Artificial Intelligence ā€“ BETA than the real thing?

  • Creative

I recently downloaded an App onto my phone; ostensibly, it allows you to create mini masterpieces based around any outlandish idea that one can conjure up in one’s noggin. Just type the idea into a field, click go and, seconds later, you’re rewarded with a startling image of whatever imaginative cocktail of curiosities you’re able to mind-meld together. For example, I input: ‘Larry David fights crab’. Don’t ask me why, I don’t know. But this type of free-form thinking does occasionally help in my work – I’m a creative designer for a leading construction marketing and PR agency. Anyway, the result is the image above and I think that one can agree, the App delivered on what I requested.

This is a free App; I assume that it works by latching onto keywords in your request, tossing them into a search engine spin dryer and throwing the surreal and often nightmarish image back at you in all its messed-up glory. So, we’re not talking the pinnacle of AI wonderment here, merely another fun distraction to help one while away the evenings.

Should we be concerned?

However, in the wider world, there appears to be a creeping dread that accompanies fast-increasing developments in AI technology. Are we really at the eve of ‘The Rise of the Machines’? Will we need to rely on the deployment of brooding, raincoated, gumshoe Harrison Fords to retire antsy robots that have developed the ability to get far too big for their robot boots? Should we be concerned that HAL 9000 will simply refuse to open the pod bay doors?

More pertinent than that, should we be worried about our jobs? Are we at risk of making ourselves redundant whilst developing artificial intelligence to such a degree that it will be able to carry out our work just as well as we can (or even better) for neglible financial cost?

In the creative industries, we’re witnessing these developments. For example, what I’m writing now can be written by robots; the robots wouldn’t have issues with grammar, punctuation, syntax. A perfectly generated piece of writing would be delivered which anyone reading wouldn’t bat an eyelid at; for all intense and purposes, at least on the surface, it could’ve been written by a human.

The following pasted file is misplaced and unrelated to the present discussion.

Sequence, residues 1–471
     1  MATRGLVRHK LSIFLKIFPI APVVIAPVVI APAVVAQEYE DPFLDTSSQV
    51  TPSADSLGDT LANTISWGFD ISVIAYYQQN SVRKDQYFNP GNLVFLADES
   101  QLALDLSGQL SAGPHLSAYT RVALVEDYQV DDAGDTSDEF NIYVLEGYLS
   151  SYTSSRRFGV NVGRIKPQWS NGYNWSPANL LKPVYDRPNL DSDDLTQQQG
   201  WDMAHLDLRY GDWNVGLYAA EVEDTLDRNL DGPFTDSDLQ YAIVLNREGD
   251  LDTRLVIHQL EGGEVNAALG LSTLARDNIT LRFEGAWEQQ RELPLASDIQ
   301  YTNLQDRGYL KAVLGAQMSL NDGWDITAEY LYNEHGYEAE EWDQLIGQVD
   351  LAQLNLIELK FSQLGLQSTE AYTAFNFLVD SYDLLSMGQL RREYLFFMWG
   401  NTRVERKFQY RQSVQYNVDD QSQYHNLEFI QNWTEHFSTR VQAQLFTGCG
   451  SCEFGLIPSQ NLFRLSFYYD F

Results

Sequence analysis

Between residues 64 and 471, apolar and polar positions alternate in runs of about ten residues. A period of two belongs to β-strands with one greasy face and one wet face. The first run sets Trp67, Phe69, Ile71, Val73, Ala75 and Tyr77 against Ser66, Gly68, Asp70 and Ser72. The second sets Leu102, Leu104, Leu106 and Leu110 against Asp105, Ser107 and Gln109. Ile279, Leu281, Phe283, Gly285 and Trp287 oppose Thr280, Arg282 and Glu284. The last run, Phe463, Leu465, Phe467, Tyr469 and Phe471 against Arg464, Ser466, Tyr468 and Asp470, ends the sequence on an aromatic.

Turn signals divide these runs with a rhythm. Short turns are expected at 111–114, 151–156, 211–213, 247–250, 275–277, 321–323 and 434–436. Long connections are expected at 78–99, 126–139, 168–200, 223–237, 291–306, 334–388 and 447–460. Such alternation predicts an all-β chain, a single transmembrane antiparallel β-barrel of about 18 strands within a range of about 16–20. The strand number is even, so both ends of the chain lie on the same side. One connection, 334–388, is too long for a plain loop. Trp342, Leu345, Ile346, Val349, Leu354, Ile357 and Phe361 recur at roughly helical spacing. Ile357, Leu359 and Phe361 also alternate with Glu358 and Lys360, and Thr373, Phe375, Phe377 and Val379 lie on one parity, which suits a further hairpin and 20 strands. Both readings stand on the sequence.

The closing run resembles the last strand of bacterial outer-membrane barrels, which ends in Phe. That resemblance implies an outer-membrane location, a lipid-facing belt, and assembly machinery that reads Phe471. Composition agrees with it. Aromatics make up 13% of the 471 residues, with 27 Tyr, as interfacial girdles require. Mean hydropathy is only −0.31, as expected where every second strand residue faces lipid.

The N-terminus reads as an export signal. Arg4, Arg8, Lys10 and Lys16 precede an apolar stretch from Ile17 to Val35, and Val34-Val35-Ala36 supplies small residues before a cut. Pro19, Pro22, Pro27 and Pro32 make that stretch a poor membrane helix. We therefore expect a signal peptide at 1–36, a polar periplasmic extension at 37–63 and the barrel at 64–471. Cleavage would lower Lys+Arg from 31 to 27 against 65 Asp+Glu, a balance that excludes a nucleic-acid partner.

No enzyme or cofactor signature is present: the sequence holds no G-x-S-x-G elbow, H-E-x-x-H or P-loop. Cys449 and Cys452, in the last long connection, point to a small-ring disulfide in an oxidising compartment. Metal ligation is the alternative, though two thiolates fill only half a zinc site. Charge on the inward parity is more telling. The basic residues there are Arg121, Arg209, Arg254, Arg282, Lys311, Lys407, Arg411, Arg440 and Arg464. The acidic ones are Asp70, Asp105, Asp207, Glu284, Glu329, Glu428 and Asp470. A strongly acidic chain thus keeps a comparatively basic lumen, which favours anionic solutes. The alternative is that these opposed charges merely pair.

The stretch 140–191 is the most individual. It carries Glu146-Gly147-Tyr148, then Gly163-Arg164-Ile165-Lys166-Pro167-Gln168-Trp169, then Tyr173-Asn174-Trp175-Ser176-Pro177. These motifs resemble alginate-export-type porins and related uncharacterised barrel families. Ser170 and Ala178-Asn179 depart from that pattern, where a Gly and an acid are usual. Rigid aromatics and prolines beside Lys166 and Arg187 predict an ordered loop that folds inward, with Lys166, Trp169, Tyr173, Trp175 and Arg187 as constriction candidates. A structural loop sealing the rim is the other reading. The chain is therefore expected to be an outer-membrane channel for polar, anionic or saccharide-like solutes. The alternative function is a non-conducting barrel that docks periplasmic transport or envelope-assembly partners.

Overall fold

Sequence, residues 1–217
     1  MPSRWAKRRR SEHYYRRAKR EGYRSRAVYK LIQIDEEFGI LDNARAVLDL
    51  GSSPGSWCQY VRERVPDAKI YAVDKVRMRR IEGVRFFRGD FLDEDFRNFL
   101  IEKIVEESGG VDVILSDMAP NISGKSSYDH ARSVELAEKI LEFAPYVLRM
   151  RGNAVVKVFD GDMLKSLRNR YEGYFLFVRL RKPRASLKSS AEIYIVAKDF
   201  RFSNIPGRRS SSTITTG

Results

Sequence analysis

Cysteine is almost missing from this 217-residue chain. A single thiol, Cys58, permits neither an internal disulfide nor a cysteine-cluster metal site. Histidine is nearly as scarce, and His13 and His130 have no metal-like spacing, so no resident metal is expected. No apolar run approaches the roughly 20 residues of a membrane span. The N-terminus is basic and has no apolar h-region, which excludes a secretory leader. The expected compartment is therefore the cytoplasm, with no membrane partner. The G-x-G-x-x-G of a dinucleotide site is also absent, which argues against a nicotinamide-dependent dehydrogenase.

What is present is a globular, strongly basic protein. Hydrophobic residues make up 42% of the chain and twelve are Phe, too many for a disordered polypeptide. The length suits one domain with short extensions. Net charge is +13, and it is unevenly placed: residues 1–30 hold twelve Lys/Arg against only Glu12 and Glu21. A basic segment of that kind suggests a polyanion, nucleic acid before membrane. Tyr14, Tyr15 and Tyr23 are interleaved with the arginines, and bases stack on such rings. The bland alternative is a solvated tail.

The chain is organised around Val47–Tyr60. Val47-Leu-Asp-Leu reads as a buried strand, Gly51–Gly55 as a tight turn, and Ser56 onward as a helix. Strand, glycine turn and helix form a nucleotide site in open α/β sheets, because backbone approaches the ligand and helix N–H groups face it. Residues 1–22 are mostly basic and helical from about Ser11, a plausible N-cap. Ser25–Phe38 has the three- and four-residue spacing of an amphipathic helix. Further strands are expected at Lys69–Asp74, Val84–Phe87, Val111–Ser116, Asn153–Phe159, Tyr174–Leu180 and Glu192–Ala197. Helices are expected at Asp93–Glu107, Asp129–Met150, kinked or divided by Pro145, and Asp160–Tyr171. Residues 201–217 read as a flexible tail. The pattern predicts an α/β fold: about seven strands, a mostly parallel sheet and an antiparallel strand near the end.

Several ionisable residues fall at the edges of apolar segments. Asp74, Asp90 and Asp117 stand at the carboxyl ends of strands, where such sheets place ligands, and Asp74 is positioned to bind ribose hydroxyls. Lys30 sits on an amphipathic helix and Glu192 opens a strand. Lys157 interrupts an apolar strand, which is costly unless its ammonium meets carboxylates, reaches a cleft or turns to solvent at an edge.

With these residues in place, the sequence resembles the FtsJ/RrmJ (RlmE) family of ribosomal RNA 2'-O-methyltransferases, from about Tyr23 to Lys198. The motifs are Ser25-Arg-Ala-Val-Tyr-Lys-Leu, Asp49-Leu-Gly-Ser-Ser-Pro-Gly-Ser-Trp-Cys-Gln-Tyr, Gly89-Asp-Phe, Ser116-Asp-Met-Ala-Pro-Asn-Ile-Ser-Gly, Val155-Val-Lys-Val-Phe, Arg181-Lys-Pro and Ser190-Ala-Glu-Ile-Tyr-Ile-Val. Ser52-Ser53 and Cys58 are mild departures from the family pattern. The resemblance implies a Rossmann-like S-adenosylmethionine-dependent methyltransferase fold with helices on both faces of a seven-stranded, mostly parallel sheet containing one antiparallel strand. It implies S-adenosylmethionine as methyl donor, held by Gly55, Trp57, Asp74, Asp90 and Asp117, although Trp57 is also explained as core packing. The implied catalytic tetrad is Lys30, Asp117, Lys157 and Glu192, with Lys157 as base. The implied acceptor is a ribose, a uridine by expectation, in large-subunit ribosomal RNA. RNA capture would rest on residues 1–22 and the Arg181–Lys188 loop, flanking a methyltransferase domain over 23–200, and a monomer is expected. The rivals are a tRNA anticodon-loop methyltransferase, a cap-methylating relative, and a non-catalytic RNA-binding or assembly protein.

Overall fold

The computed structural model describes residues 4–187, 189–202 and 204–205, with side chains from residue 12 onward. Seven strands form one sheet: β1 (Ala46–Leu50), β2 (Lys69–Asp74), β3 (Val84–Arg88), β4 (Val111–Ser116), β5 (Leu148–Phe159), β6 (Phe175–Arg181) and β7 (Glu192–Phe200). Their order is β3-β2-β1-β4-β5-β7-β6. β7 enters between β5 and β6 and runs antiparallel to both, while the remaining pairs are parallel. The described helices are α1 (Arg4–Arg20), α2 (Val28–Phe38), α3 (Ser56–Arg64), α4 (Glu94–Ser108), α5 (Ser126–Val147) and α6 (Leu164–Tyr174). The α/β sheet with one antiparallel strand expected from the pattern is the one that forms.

As a graphic designer and illustrator, should I be concerned that my services will quickly become redundant? Illustration is certainly taking off in the world of AI, with Instagram pages dedicated exclusively to machine-aided artworks that deserve more than a cursory swipe. The initial ‘hand problem’ that made certain appendages resemble multi-digited root vegetables dreamt up in a Cronenberg-esque hellscape in some of these illustrations, appears to have been rectified and, although the AI creations still possess their own unique and occasionally unsettling feel, they are on the whole, rather impressive.

Should we embrace AI?

I think the technology can be, and should be, embraced. Let’s face it, it’s happening and it isn’t going away so, resistance is futile. I believe there is a way that professionals like myself can climb into the metaphorical bed with our robot counterparts, embrace and work through our differences, realising that perhaps we aren’t that different after all.

Adobe has recently unveiled BETA versions of its most popular software that use the power of AI for good. ‘Generative Fill’ in Photoshop, for example, allows you to add objects into an image by selecting an area, typing into a field the desired object and, after a few moments, the object is in your image. For example, Larry’s dramatic crustation tussle could be further enhanced by the inclusion of some cranes, high-rise buildings and hard-hatted individuals on the horizon (working for clients in the construction industry, I’m sure this concept could be successfully rolled out for one of our more ‘far-out’ clients).

Meanwhile, Illustrator’s BETA version introduces an AI integration called ‘Generative Recolour tool’. This allows you to quickly update the colours of a project by allowing the tool to select a colour scheme based around keywords you type in yourself. If you want a logo design to look ‘60’s cool’ then this feature offers up the designer a collection of hues that almost immediately adds a retro groove to your creation.

Both these features aren’t taking away our creative freedoms, more aiding us in the creative process. We’re still coming up with the ideas, using our skills and imagination to dream up original and inspiring concepts. We’re just being helped with the legwork; the often-arduous tasks that take up a lot of our time – time better spent on our very human creative genius.

And that, as Larry would say, is: ‘Pu-retty, Pu-retty. Pu-retty good.’

A final note

If you would like to discover what our true design and illustration skills are, take a look at our case studies or Marketing Services page. 

Author: Darryl Hartley

Head Designer

Contact Darryl Hartley

Want to keep exploring?